Alternate endings have, until the dawn of DVDs and special features, been a sort of urban myth for film fans.

Before then, there were hints and rumours of studio in-fighting, directors clashing with stars and studios and loads more besides. There's been a few examples of infamous alternate endings where the entire meaning of the film is shifted and changed and others where the studio simply stepped and tacked on the ending they wanted, leaving something else to finish out a great film.

We've collected ten of the very best alternate endings that definitely should have made it into the final cut.

Take a look!



Dodgeball, although it might be dismissed as a sort of screwy comedy with Ben Stiller and Vince Vaughn, has a lot of intelligence to it. Particularly in the ending that was originally envisioned. The ending that was originally planned saw Stiller hit Vaughn and lose the final match, meaning that Average Joe's lost and GloboGym took it all. It's in the title, don't forget - a TRUE Underdog Story. In real life, underdogs don't win usually. The ending that we saw was, of course, purposefully put in by the studio against everyone's wishes. In fact, Stiller made reference to that fact in the credits scene where he's in the fat suit.



Let's state the obvious, first off. Die Hard should have ended here. The two films that followed on from Die Hard With A Vengeance were pants and nobody - NOBODY - wants a prequel. Anyway, the Alternate Ending for Die Hard With A Vengeance was almost a direct antidote to the carnage that was most of the film. It went that McClane was to show up at Simon Gruber's mansion - after he had successfully stolen all of the gold, by the way - and played Russian Roulette with him. Except instead of a gun, it was a ROCKET LAUNCHER.



The 1982 survivalist classic bears little resemblance to the full-on action spectaculars that followed, but it's interesting to note that - if Stallone and the director had their way - they would have never been. The original ending saw Rambo effectively end himself by forcing Col. Trautman, played by the underrated Richard Crenna, to shoot Rambo so that he doesn't have to go back to a cell. It's a particularly powerful moment, but would have killed any opportunity of a sequel. Not only that, the audience testings basically said that it was too depressing.



Not so much an alternate ending as it was a direct link to Judgement Day, the ending Cameron saw the police and cleanup crews working to figure out what happened in the factory at the end. A couple of suits turn up and quickly sweep up any evidence of the Terminator. The real catch? It turns out the factory was owned by (drum-roll) CyberDyne Systems, the company that actually built the Terminator in the first place. This ending, as such, was used as the catalyst for the second one. Cameron allegedly cut it because he didn't have the money to finish it out and thought the image of Sarah Connor driving off to train her son was more powerful.




George A. Romero's zombie classic is a pretty dark, depressing film. But the original ending is in a league of its own. The ending that we all saw showed the man and women eventually escape in a helicopter after Peter Washington, the main character, decides to fight off the zombies rather than finish himself off on his own terms. Although not exactly a happy ending, we see Peter and Francine fly the helicopter off the roof to an uncertain future. The alternate ending, which was changed during production, was MUCH darker. Romero had written it that Peter would have shot himself and Francine would have walked into the blades of the helicopter - rather than be taken by the zombies. The real icing on the cake, however, is that the blades of the helicopter would have stopped shortly after Francine ended herself, meaning that they were doomed no matter what. Even if they did escape in the helicopter, like in the ending we saw, they would have still died. Grim.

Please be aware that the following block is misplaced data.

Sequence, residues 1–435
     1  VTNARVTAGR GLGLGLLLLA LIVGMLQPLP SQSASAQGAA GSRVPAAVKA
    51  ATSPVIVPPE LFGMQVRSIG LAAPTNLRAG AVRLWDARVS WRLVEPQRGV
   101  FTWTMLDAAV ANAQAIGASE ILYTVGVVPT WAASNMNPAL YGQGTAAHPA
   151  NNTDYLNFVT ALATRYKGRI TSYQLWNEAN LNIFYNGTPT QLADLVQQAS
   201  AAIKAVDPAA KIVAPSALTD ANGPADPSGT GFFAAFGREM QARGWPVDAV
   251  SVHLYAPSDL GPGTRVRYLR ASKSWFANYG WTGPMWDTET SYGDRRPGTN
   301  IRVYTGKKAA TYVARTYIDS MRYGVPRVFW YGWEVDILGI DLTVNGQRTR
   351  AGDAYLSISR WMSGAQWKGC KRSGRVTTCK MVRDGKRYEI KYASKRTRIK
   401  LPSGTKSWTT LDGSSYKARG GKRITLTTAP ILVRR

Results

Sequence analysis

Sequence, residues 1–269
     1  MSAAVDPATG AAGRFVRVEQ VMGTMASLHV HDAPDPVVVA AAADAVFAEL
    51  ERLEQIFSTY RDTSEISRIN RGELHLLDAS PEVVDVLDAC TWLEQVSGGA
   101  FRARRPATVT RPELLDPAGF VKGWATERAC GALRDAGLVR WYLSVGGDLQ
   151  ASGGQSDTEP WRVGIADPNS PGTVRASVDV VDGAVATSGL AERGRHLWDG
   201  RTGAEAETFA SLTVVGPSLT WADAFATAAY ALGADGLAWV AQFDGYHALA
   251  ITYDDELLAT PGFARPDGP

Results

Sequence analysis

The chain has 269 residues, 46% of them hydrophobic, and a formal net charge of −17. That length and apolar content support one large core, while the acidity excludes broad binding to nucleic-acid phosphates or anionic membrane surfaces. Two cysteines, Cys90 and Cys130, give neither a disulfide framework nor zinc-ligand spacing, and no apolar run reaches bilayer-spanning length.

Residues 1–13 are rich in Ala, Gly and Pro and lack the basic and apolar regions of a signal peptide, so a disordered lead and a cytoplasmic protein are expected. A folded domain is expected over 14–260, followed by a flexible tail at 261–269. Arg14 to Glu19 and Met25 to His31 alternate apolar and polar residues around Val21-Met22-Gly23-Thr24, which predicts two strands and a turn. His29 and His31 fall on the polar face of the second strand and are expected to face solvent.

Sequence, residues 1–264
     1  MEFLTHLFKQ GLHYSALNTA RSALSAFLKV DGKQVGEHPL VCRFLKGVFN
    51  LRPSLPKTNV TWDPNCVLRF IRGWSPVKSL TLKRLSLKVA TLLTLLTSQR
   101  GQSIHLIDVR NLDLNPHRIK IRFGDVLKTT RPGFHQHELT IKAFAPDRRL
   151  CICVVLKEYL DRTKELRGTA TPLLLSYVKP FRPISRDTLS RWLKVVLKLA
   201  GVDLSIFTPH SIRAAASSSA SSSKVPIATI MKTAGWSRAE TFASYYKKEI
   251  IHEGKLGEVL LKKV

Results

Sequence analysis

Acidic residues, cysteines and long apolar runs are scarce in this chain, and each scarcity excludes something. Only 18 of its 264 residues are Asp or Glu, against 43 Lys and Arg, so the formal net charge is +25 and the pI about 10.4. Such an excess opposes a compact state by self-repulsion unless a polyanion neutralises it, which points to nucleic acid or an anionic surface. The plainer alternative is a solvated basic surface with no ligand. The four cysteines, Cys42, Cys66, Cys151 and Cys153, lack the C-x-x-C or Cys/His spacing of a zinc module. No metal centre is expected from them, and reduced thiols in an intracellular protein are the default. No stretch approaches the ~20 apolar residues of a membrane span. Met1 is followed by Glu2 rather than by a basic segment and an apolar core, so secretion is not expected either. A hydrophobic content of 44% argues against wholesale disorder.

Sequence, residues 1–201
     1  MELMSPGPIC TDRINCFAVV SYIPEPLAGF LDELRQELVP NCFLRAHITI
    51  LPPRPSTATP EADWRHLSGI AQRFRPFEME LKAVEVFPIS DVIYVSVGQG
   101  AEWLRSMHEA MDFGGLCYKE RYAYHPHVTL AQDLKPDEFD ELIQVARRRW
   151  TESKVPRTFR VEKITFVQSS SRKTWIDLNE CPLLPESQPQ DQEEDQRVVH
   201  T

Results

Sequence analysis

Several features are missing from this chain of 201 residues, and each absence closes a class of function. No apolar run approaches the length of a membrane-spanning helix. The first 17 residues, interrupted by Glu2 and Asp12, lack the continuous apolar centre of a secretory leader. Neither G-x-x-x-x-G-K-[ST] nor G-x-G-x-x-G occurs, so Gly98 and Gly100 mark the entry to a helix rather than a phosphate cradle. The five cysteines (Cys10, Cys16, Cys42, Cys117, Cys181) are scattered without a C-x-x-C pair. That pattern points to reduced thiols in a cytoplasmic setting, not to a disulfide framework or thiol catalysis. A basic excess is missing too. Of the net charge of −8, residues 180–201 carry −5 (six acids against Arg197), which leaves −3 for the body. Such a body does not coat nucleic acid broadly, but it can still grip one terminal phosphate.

The classic thriller, which gave birth to the term 'bunny boiler', scooped a number of Oscar nominations - including a Best Actress for Glenn Close and Best Supporting Actress for Anne Archer. Honestly though, if they went with the alternate ending, BOTH of them would have won. As you'll see below, it's pretty damn dark and, in a sense, ties in with the Madame Butterfly thing they had going on the whole way through it. Although the used ending is a lot more dramatic and shocking, this ending really drives home the crushing dread that permeates the film.



Although we've got The Force Awakens due out in December, Return of the Jedi wouldn't have ended on the so-called 'teddy bear's luau' that everyone hates. The original ending that producer Gary Kurtz had in mind was much more of a Spaghetti Western ending. As he saw it, the Rebel Alliance would have been in tatters from the assault on the Death Star and the war in general. Han Solo, for example, was supposed to die in an earlier part of the film. The finale of Return of the Jedi would have saw Princess Leia named Queen and beginning to struggle with her responsibilities whilst Luke Skywalker would have left to wander the galaxy, alone. Instead, we got bluey Alec Guinness and dancing teddy bears. Thanks a lot, George Lucas.




Without a shadow of a doubt, this ending Ridley Scott cooked up was equal parts disturbing, horrific and absolutely genius. It would have, however, prevented the genius that is Aliens. So, in a sense, it's not that great. Here goes: Ellen Ripley makes it out of the Nostromo, safe and sound. The Nostromo explodes and she's headed for Earth. Except that there's an alien still on the shuttle who proceeds to BITE HER HEAD OFF AND USE IT AS A PUPPET WHEN SHE TALKS TO EARTH. How amazing would that ending have been? The alien would have used Ripley's head and spoke with her voice as she communicated with Earth as the shuttle prepared to land. Unbelievable.